Behind the Scenes
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As the Information and Broadcasting Ministry's recent restrictions being attempted on the screening of Bigg Boss and Rakhi Ka Insaaf show, politicians have often felt the need to appear puritanical and frown upon things that make "modest" India uncomfortable but, like peepshows, these are secretly devoured by a wide audience. The banning of dance bars in 2005, by Maharashtra's Congress-NCP regime, spearheaded by R.R. Patil (referred to as "Fatso" in Sonia Faleiro's book) was part of such a puritanical drive, to prove, perhaps, that the government was driven by "family values".
Beautiful Thing is a well-researched book on girls who danced at these bars. Told primarily through the spunky Leela from Meerut and her friend Priya, it is disturbing in parts and in the details it provides. The author has spent an admirable amount of time with the girls, watching them and the relationships they enter into. The book's pace is good, and some interesting academic facts are thrown in. The tone is not overtly sympathetic, demeaning or patronising, except in the way some words are used: "business" is "bijniss", "lunch" is "lanch", "booty" is "beauty" and "class" is "kalass". In an effort to go colloquial and provide a flavour of the milieu, a slight whiff of condescension comes in — on behalf of the readers too, it would seem, who are assumed to have better pronunciation skills. Other than this, the approach to writing this book is something the author needs to be commended on.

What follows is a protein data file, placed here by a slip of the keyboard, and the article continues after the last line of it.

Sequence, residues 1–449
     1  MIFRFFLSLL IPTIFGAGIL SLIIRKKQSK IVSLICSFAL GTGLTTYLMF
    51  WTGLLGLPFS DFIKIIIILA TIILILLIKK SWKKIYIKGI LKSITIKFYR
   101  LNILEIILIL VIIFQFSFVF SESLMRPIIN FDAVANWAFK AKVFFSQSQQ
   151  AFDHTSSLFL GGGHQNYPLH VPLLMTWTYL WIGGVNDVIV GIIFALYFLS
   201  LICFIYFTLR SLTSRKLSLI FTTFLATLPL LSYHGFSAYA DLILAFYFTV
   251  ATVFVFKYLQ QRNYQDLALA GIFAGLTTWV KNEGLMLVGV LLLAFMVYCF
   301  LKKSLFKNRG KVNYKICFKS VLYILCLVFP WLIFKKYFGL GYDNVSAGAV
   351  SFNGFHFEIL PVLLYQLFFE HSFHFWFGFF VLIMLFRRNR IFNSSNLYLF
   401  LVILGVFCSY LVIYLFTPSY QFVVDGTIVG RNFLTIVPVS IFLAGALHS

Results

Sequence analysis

The story of a poor girl being forced to sell her body to feed herself and her family is an old one. But these are real stories, told simply, and that holds your attention. Most of the girls have been brutalised by their relatives — either raped or sold by them, and in one case, even raped by a son. The way in which Faleiro follows them in and out of the various phases of their lives makes this book worth going through.
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